Each participant will be asked to take the modified Stroop test by reading the first column and reading the color associated with the word of another color then the participant will be asked to read the word of a color in the second column and the participants will be timed as well as number of errors counted for. After the data is collected from the fifth graders, we will compare the results from those of the female aspect and the male aspect of the study. The subjects will be numbered one or two depending on male or female.
RESULTS A 2 x 2 mixed design ANOVA was calculated to examine the effects of the task itself and gender on errors. A non significant gender x task interaction was present (F(1,1)=.034, p>.05). The main effect for the task was significant (F(1,1)=9.416, p>.05). With the Stroop Task having more errors than the normal test. The main effect for gender was not sig. (F(1,33)=.034, p>.05). A second 2 x 2 mixed design ANOVA was calculated to examine the effects of the task and gender on time. A significant gender x task interaction was present (F(1,1)=42.627, p>.05). The main effect for the time was significant (F(1, 33)=5.343, p>.05). With the Stroop Task taking more time with boys than the normal test given. The main effect for gender was significant (F(1, 33)=5.343, p>.05). The average time for females for the Stroop Test was 11.074 seconds and average time for the normal test was 5.1665 seconds. The average time for the boys for the Stroop Test was 17.7233 and for the normal test 5.3407 seconds. For females, the average number of errors performing the Stroop Test was .65 and for the normal test there were no errors present. For the boys, the average number of error performing the Stroop Test was .7333 and for the normal test there were also no errors present.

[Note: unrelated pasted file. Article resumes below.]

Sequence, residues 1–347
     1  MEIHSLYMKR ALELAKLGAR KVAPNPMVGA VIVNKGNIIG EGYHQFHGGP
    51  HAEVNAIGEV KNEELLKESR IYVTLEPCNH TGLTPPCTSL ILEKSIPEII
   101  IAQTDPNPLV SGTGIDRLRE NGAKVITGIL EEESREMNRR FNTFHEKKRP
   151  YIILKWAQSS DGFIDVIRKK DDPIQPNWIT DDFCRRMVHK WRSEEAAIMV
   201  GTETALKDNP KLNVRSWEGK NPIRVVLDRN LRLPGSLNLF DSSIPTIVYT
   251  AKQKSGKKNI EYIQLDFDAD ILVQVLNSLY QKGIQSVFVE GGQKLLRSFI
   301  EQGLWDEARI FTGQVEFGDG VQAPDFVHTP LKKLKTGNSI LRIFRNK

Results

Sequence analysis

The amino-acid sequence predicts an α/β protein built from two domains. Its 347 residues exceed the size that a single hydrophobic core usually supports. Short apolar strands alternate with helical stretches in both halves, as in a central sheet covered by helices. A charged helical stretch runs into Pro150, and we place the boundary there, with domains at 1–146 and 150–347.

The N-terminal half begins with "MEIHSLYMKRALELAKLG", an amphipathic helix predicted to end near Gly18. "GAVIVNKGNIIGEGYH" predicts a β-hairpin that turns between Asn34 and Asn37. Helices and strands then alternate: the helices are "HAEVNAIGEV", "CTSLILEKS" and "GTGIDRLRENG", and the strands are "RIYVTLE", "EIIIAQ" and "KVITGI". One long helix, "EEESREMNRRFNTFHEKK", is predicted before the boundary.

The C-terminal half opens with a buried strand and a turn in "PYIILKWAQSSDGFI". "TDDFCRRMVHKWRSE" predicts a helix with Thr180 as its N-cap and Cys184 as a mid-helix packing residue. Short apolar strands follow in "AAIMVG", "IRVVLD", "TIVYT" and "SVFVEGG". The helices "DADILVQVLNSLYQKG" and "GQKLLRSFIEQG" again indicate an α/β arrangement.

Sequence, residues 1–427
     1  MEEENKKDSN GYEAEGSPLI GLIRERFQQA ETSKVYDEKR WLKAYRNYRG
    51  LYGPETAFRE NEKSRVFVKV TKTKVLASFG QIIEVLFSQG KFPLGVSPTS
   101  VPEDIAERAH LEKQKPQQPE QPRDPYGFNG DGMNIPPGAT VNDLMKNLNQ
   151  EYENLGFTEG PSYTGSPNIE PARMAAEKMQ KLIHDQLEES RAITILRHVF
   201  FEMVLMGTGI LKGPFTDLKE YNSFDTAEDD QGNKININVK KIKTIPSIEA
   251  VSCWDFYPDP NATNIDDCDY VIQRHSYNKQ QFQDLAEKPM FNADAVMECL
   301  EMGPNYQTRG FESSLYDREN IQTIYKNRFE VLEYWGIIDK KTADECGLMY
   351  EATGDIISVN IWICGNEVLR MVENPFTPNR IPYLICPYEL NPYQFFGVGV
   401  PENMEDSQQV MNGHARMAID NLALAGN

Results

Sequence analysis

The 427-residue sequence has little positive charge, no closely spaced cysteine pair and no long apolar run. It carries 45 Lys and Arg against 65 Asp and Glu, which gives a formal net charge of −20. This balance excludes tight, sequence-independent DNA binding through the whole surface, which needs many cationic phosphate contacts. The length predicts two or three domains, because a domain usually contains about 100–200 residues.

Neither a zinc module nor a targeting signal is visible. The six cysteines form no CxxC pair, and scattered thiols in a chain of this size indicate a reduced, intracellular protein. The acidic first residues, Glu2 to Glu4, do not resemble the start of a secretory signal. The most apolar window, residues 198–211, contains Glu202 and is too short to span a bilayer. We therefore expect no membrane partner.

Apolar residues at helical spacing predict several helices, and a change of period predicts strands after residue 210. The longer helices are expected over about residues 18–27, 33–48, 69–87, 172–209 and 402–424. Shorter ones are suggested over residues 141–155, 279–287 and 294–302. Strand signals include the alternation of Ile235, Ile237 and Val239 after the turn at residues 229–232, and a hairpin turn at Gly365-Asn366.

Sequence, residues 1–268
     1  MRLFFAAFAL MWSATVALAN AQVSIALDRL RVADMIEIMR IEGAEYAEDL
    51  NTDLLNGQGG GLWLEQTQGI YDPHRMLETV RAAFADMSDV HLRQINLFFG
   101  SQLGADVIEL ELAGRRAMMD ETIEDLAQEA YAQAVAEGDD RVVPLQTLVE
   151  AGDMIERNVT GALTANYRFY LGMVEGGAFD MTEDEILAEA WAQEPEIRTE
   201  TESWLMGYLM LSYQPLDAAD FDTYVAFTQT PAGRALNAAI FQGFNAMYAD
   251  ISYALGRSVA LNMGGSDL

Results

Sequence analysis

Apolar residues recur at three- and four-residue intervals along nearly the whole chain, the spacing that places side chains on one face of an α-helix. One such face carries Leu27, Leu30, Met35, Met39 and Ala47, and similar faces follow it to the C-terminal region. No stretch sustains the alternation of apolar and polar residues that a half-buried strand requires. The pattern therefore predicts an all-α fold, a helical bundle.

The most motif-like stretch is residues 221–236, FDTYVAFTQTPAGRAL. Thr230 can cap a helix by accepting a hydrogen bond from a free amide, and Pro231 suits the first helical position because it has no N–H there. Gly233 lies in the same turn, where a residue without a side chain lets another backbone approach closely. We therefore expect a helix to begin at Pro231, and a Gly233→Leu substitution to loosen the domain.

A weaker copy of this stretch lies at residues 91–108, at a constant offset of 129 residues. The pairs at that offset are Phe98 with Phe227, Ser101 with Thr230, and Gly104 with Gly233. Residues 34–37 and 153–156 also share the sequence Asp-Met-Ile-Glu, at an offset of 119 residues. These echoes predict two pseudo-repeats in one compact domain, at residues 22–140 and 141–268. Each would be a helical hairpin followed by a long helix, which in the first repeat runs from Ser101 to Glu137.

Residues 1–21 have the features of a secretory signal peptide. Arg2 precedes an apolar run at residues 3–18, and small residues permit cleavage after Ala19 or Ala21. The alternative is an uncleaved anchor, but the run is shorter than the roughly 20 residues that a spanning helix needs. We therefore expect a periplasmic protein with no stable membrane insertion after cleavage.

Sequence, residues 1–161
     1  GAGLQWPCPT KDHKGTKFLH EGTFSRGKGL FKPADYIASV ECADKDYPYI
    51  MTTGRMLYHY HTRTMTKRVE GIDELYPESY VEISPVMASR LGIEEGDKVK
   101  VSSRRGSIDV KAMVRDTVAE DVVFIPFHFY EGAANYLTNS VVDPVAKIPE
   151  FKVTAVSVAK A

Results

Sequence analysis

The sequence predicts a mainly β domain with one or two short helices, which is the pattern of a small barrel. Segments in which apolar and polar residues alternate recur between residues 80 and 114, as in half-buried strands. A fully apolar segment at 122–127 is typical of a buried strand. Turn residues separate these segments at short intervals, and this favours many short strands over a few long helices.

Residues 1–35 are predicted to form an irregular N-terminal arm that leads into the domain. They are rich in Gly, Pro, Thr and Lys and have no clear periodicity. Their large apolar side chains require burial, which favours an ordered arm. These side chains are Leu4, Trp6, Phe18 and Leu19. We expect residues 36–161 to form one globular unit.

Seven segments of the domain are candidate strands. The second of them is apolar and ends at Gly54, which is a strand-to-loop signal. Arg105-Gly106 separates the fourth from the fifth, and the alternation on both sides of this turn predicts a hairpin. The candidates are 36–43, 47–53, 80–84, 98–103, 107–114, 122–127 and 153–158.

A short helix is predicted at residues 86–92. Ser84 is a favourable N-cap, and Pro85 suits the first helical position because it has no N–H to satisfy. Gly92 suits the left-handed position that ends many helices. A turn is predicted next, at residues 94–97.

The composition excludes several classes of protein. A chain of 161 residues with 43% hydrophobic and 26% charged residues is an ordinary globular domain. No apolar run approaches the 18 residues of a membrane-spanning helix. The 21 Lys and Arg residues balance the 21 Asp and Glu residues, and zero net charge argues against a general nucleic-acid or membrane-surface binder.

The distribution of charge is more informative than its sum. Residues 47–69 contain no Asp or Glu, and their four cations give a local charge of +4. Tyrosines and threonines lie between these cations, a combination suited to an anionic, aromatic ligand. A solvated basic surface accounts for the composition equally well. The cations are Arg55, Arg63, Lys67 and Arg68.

DISCUSSION The findings of this study were that there was no correlation with gender differences with the errors made on the Stroop test. We also found that there was a significant difference with the rate of the test performed. The boys were much slower than the girls when taking the Stroop test. Our study was consistent with other findings saying that girls usually have a better time when performing the Stroop test. Many different things could have altered the results of this study. We did not considered if some of the boys were color blind or not, or how intelligent each student was. It is possible that if we were to do this same study again and did the exact same procedure we could get different results. The time of day could have made a difference in the child’s performance meaning how well the student could read or comprehend.
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Butcher, J. (2000). Scientists take first steps towards understanding cognitive control. Lancet, 355, 2055.
Colley, A. (2003). School subject preferences: Age and gender differences revisited. Educational Studies, 29, 59.
DeSoto, C. (2001). When in doubt, do it both ways: Brain evidence of the simultaneous
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Monahan, J. (2001). Coloring single stroop elements: Reducing automatically or slower color processing? Journal of General Psychology, 128, 98.
Moreno, R. (1999). Gender differences in responding to open-ended problem solving
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Mulrine, A. (2001). Are boys the weaker sex? U.S. News and World Report, 131, 40.
Wright, I. (2003). A new stroop-like measure of inhibitory function development:
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APPENDIX Subject #
Modified Stroop Test
Blue Green Green OrangePurple OrangeGreen BlueRed Red Gray GrayRed BlueBlue Purple